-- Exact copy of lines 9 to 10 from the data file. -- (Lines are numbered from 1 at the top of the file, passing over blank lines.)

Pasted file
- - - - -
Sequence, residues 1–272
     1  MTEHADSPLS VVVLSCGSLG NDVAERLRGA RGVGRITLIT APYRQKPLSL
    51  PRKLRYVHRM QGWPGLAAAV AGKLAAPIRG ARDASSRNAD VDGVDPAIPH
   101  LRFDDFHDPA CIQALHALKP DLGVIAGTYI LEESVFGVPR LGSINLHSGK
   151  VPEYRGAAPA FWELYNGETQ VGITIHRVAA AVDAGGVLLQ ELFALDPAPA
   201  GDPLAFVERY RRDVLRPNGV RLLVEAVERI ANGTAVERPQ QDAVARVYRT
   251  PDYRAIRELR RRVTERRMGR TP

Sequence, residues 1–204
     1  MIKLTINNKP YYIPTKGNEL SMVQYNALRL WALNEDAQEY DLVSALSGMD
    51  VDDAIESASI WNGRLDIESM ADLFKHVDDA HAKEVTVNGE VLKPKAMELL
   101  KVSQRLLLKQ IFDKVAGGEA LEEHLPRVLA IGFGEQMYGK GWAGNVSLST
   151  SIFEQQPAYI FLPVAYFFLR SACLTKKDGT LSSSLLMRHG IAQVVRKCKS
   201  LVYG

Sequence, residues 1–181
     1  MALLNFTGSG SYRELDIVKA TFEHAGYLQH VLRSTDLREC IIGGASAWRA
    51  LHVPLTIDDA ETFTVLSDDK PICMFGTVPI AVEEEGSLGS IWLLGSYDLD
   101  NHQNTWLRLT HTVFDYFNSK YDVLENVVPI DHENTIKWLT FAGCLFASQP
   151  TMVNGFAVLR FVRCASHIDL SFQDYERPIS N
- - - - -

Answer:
     1  MIKLTINNKP YYIPTKGNEL SMVQYNALRL WALNEDAQEY DLVSALSGMD
    51  VDDAIESASI WNGRLDIESM ADLFKHVDDA HAKEVTVNGE VLKPKAMELL